Journal Article

A Review of Measurement Error Assessment in a U.S. Household Consumer Expenditure Survey

Scott Fricker, Brandon Kopp, Lucilla Tan and Roger Tourangeau

in Journal of Survey Statistics and Methodology

Published on behalf of American Association for Public Opinion Research

Volume 3, issue 1, pages 67-88
Published in print March 2015 | ISSN: 2325-0984
Published online January 2015 | e-ISSN: 2325-0992 | DOI: http://dx.doi.org/10.1093/jssam/smu025
A Review of Measurement Error Assessment in a U.S. Household Consumer Expenditure Survey

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This paper examines what is known about error in the U.S. Consumer Expenditure Survey (CE). It reviews likely sources of error in consumer expenditure surveys and describes the various approaches that have been used to evaluate estimates from the CE in the United States and from similar surveys around the world. In the United States, many efforts to assess the quality of the CE have compared CE estimates to estimates from other surveys or from the National Income and Product Accounts (NIPA). In addition, other studies have used data internal to the CE in an attempt to assess the level of error. We review studies that take each of these approaches and assess their strengths and weaknesses. Our review shows that, as with other national and international surveys on household spending, the direction and magnitude of measurement errors in the CE are not well understood. The general impression that the CE expenditure estimates are dominated by underreporting is based largely on comparisons of the CE with NIPA estimates. However, other results suggest that the magnitude and direction of errors in the CE depend on the expenditure category examined, characteristics of the respondent and the survey protocol, and the method used to assess these errors. New research clearly is needed to understand the sources of error in surveys collecting consumer expenditure data.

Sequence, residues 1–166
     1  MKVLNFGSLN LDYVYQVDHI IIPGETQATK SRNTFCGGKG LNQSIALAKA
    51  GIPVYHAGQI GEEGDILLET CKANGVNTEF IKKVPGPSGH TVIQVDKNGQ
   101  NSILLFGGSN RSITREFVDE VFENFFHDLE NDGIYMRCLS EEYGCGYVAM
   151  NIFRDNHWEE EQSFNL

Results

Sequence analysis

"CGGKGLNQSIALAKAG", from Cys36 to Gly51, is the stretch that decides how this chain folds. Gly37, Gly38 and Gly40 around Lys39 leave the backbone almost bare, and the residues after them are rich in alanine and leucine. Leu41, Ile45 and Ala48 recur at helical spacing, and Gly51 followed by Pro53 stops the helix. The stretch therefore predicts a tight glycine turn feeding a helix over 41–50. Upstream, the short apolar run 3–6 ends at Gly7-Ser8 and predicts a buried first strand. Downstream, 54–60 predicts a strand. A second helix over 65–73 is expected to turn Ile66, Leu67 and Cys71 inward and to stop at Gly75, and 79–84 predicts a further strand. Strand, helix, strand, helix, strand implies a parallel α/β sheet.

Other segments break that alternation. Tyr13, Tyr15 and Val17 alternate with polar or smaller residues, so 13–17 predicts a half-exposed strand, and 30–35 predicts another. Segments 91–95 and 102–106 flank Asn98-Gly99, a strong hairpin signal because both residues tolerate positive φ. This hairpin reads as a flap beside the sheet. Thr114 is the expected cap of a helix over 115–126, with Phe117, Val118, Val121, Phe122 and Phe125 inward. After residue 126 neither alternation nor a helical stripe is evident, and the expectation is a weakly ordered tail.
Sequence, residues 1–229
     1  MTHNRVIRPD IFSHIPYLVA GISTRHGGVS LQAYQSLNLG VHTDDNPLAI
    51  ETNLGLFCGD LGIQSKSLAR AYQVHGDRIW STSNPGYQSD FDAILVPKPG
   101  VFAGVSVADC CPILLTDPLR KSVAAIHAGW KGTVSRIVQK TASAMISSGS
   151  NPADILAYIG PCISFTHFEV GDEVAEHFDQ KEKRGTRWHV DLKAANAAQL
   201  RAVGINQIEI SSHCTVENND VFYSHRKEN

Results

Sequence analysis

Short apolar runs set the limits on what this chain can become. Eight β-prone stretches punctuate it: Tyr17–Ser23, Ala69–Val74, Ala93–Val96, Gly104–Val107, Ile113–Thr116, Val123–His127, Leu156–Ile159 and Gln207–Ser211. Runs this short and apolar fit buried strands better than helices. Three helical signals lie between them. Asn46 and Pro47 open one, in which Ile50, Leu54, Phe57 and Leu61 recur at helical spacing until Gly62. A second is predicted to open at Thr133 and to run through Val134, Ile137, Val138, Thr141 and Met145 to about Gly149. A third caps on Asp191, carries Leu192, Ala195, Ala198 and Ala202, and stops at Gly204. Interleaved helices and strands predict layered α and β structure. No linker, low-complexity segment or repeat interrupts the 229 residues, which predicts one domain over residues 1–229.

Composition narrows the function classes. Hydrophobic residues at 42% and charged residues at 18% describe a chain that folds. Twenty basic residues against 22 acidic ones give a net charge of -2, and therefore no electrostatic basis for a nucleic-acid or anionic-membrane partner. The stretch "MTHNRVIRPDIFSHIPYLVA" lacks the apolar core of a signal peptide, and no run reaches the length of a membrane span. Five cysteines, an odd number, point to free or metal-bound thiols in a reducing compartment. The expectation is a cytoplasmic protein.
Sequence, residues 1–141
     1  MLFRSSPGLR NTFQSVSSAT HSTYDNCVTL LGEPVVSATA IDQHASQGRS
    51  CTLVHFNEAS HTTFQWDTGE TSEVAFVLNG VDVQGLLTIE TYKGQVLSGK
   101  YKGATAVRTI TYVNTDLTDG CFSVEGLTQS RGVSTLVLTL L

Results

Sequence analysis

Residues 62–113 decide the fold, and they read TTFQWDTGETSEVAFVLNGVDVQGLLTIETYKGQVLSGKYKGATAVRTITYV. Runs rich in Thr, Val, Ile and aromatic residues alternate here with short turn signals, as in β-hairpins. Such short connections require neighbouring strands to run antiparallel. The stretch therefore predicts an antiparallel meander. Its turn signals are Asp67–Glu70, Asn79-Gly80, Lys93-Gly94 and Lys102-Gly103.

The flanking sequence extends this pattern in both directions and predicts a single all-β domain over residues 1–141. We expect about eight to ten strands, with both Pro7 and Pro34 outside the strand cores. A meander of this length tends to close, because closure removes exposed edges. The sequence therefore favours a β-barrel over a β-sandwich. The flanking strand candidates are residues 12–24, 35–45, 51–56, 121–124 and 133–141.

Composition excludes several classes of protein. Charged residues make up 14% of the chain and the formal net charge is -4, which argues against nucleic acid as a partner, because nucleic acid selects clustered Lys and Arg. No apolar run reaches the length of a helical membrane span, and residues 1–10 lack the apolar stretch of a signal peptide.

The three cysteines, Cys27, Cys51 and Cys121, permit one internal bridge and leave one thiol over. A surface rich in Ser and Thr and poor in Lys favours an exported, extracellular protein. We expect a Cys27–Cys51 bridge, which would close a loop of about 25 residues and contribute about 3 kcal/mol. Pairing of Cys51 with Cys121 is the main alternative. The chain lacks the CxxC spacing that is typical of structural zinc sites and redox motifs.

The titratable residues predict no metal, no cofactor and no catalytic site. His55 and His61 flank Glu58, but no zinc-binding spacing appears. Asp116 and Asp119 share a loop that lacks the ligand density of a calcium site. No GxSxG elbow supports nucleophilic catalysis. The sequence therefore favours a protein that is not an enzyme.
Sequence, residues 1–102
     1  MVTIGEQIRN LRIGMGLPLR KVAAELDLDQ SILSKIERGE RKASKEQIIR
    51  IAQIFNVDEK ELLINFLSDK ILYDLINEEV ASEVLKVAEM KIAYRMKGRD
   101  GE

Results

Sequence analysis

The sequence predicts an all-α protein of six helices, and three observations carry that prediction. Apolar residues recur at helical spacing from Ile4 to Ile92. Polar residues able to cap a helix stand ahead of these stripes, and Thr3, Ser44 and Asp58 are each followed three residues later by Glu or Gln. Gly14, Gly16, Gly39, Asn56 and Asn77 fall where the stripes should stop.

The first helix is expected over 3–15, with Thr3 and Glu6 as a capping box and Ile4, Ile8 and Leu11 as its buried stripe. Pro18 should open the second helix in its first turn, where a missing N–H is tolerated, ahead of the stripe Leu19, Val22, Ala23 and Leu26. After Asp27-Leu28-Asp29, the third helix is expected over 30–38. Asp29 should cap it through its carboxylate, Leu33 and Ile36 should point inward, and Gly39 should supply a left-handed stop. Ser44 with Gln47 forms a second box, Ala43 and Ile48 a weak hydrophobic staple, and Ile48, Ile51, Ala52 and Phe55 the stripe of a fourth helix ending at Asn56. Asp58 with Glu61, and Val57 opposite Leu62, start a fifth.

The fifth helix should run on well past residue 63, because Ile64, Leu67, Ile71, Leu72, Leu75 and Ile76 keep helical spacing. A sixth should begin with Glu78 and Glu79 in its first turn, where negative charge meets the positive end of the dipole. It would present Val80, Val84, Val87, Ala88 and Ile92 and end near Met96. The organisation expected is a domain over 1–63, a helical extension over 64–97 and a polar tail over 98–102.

Keywords: Assessment methods; Household expenditures; Measurement error; Survey design

Journal Article.  7678 words.  Illustrated.

Subjects: Social Research and Statistics

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